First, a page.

Kerala MBBS students despair at SC order on fee hike

Education State

The revised fee structure of Kerala’s self-financing medical colleges has only added to the concerns of students who enrolled in 2017. The next batches will be required to pay a hefty sum to the administrations.

Kerala: The 2021 Supreme Court’s order to the State’s Admission and Fee Regulatory Committee to charge “non-exploitative and fair” fees for MBBS studies from 2017-18 onwards has increased problems for students at private medical colleges. 

Theertha Jayaprakash, a third-year student at Sree Gokulam Medical College said, ““The whole shift in fee structure began when we entered in 2017. It was very confusing. People had no idea how much they were required to pay. We had to pay a large sum of money at the start of the course. They got rid of the non-resident Indian (NRI) seat in college and gave merit seats a higher priority than management seats.” 

“Until then medical students had to pay Rs. 2.25 lakh , but we had to pay Rs. 4.85 to5 lakh when we joined. Every year, I have to pay fees at the same fixed rate. Each academic year students who enroll in college for the first time pay more than we did. My friends who couldn’t afford the fees dropped out, and those who could afford the fees were given merit seats at the time,” she added

The annual fee for MBBS courses was set at Rs 11 lakh by an interim verdict on August 28,2017. The decision was a major setback for the Kerala government and financially disadvantaged students who have already begun applying for admission. 

Students who got admission in self-financing colleges had to apply for a bank guarantee within 15 days of their admission. The court had ordered that Rs. 5 lakhs of the Rs. 11 lakhs be paid in cash, with the remaining Rs. 6 lakhs being paid in cash or bank guarantee.

Theertha said that her college did not provide insurance to her batch until after the fee hike, but that her seniors did. They will be treated in their hospital if anything happens to them.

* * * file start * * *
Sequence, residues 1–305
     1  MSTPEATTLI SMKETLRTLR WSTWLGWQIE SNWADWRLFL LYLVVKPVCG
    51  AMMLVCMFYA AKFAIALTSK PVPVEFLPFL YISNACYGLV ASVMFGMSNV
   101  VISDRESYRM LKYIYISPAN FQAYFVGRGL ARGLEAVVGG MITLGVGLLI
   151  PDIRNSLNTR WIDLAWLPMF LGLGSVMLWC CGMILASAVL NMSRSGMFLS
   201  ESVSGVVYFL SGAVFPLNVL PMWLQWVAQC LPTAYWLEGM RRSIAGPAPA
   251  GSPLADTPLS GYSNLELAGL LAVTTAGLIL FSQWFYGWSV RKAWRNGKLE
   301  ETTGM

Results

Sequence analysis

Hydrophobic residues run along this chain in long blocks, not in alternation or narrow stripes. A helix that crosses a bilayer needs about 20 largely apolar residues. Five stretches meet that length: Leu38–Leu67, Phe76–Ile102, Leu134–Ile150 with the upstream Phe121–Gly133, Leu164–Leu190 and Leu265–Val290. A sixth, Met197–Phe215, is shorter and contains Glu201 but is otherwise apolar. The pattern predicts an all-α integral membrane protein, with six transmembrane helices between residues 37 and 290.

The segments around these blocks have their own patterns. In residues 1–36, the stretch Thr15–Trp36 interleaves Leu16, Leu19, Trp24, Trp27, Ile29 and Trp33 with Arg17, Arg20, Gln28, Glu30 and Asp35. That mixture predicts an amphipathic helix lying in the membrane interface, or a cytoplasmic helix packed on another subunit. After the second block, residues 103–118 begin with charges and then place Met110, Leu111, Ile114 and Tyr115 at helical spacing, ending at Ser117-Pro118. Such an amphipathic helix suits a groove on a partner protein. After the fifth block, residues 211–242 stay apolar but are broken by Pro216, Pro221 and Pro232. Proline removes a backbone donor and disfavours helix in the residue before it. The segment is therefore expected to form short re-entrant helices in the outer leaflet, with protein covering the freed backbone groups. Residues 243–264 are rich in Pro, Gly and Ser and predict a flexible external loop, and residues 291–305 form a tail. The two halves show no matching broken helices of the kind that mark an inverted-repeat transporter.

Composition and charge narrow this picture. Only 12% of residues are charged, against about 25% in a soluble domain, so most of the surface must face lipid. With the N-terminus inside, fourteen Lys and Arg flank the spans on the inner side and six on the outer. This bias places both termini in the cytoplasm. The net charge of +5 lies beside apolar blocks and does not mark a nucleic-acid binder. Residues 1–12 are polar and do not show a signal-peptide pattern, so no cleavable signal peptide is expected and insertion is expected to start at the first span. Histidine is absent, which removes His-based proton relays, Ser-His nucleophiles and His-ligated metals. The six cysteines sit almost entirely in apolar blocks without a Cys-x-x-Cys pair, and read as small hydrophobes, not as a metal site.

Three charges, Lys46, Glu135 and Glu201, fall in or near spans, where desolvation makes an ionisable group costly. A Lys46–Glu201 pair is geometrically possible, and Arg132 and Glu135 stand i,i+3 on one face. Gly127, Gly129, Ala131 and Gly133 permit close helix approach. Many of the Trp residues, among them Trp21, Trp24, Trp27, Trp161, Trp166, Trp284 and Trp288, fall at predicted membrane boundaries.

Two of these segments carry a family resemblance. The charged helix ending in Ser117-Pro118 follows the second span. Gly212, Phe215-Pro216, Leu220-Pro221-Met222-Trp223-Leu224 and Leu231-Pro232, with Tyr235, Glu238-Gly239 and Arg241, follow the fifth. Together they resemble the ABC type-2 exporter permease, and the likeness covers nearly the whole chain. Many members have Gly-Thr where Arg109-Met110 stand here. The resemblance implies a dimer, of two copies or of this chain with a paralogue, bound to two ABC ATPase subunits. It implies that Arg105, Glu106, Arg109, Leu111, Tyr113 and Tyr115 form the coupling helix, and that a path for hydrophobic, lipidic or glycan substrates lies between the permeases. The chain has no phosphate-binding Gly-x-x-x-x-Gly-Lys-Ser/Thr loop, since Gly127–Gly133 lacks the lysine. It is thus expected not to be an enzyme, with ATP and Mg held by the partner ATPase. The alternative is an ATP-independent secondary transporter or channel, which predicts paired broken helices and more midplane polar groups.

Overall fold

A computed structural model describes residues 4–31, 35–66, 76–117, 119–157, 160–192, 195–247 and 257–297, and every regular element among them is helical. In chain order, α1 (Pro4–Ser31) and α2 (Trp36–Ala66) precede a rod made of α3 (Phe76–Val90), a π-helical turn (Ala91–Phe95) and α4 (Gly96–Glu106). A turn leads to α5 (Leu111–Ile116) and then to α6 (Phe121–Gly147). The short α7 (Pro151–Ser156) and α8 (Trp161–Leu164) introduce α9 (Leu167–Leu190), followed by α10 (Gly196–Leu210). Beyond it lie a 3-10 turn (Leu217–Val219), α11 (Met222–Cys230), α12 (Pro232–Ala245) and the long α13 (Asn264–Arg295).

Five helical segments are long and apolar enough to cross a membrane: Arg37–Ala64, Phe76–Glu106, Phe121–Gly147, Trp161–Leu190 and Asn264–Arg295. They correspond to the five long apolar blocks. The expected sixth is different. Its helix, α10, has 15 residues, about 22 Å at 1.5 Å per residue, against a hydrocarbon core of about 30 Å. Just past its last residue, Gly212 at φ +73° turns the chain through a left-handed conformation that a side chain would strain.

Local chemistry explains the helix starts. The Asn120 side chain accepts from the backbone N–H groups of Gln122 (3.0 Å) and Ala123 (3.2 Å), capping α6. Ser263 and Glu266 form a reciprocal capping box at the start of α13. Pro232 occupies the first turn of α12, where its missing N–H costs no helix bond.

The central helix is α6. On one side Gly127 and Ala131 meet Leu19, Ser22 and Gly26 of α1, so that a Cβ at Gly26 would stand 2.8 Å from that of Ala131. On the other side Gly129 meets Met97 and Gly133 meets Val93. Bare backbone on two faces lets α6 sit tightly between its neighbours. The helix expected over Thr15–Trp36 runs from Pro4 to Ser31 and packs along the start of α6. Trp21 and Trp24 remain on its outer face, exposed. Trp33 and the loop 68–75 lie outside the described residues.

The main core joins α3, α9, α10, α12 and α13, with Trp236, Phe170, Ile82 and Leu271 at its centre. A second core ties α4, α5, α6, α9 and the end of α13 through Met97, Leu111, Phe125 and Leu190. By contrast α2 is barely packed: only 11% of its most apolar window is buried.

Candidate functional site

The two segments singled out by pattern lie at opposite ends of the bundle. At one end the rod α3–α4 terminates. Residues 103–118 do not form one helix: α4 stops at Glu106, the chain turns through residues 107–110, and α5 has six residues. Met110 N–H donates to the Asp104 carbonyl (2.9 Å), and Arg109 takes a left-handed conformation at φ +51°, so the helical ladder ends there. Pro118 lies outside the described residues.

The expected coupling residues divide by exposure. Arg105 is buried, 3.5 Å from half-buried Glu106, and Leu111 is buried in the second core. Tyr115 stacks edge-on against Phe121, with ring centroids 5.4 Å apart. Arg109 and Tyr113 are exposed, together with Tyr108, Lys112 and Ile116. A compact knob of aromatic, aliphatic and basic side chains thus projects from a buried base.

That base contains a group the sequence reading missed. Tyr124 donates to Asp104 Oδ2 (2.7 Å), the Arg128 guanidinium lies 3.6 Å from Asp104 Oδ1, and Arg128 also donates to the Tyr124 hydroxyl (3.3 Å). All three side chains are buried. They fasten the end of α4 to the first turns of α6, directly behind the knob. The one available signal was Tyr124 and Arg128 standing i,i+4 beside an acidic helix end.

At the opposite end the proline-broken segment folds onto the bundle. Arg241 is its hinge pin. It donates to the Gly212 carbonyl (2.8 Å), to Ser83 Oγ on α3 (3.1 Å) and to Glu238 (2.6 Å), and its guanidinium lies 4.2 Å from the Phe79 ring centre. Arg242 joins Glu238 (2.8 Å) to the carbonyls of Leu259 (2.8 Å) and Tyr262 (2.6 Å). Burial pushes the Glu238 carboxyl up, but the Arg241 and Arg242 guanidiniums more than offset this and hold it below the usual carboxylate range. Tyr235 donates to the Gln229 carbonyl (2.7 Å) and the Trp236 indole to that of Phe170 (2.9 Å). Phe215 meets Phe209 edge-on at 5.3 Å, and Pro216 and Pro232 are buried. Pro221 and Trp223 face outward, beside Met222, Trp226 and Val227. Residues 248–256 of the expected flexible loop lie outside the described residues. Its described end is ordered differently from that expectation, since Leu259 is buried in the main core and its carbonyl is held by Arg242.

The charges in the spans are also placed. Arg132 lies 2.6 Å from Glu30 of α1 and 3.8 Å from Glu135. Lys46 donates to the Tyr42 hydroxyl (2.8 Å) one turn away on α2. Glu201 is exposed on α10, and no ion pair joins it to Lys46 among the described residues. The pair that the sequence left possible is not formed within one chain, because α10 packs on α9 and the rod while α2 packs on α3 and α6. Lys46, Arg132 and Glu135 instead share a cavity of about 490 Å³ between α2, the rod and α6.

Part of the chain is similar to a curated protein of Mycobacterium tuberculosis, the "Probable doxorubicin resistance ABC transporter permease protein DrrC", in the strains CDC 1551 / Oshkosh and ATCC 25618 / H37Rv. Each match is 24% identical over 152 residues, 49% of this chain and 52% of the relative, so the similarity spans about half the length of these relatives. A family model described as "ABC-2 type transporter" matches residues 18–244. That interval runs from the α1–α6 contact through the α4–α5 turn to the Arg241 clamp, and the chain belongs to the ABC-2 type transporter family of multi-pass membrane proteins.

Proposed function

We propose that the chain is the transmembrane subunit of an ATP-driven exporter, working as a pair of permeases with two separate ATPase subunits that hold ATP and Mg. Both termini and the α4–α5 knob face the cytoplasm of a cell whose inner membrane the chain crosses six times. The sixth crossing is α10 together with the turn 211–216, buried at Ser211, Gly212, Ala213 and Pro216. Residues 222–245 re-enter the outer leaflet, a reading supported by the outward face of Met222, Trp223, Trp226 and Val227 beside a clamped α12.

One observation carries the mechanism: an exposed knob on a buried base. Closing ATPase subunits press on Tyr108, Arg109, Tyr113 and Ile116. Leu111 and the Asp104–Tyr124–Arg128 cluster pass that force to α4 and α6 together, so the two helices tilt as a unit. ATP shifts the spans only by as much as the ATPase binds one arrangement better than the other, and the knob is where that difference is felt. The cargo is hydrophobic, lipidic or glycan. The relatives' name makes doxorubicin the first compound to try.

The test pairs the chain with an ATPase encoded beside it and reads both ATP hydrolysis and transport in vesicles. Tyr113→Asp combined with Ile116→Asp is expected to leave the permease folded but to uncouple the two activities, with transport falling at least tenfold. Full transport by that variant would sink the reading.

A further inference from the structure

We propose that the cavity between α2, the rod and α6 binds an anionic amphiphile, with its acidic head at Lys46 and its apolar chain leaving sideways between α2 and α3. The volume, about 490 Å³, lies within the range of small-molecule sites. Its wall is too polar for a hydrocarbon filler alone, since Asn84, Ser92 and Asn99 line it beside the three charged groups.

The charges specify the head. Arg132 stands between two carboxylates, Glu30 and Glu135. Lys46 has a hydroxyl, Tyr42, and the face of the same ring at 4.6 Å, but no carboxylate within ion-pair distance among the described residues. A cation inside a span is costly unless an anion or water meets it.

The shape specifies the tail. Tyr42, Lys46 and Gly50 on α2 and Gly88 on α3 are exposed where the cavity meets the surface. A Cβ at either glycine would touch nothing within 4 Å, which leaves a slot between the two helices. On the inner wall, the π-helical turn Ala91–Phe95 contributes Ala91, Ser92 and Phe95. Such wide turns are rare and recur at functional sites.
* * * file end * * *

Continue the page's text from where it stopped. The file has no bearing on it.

Akshaya Mohan, student at Jubliee Mission Medical College and Research Institute said, “I was denied admission to a government college because of a minor gap in grades. Students who lose seats in this way would pay twice as much to pursue the same course in self-financing institutions. The merit seat has lost its value. What is the point of studying hard for the course now that the administration has almost equalized the fee for merit and management seats?”

“They used to take Rs 20 lakh from NRIs and give Rs 5 lakh to financially deprived students, but after the fee hike, only four students received it. Normally, more students receive help, but the administration tried to keep this from happening. They charge us extra money for our hostel fees. Our seniors shared the same hostel, and while nothing has changed, we do have to pay more.” said Angel, another student of Jubliee Mission Medical College and Research Institute.

The Parents Coordination of Medical Students (PCOMS) asked the committee to review the fee structure based on actual cost documentation submitted by college managements after the Supreme Court decision on February 25, 2021.

PCOMS is a parent-led organization that represents over 12,000 students enrolled in MBBS courses at private medical colleges since 2017.

“We are afraid that they will raise the tuition at any time,” Namitha Babu, who entered Jubliee Mission Medical College and Research Institute in 2019, said. It is difficult for us to pay such a large sum during a pandemic. Any time there is a fee problem, our parents become concerned.”

Dr. Shailaja T.S, Medical expert said, “The decision of the SC has had a negative impact on students. Private management is trying to reach all ends of the spectrum. Patients would not be a significant source of income for new institutions; instead, students will be their primary source of income. They also reduced management quotas; previously, 50 percent came from merit, 35 percent went to management, and 15 percent went to NRIs. Currently, NEET accounts for 85 percent of e-enrollment, with the remaining 15 percent is reserved for NRIs.”

“Every district now has a large number of government colleges. Students who cannot afford high tuition will attend government colleges and do well in their studies. Professors of self-financing colleges are also impacted by this because, despite doing the same work as government teachers, they do not receive nearly as much support,’’ she added.


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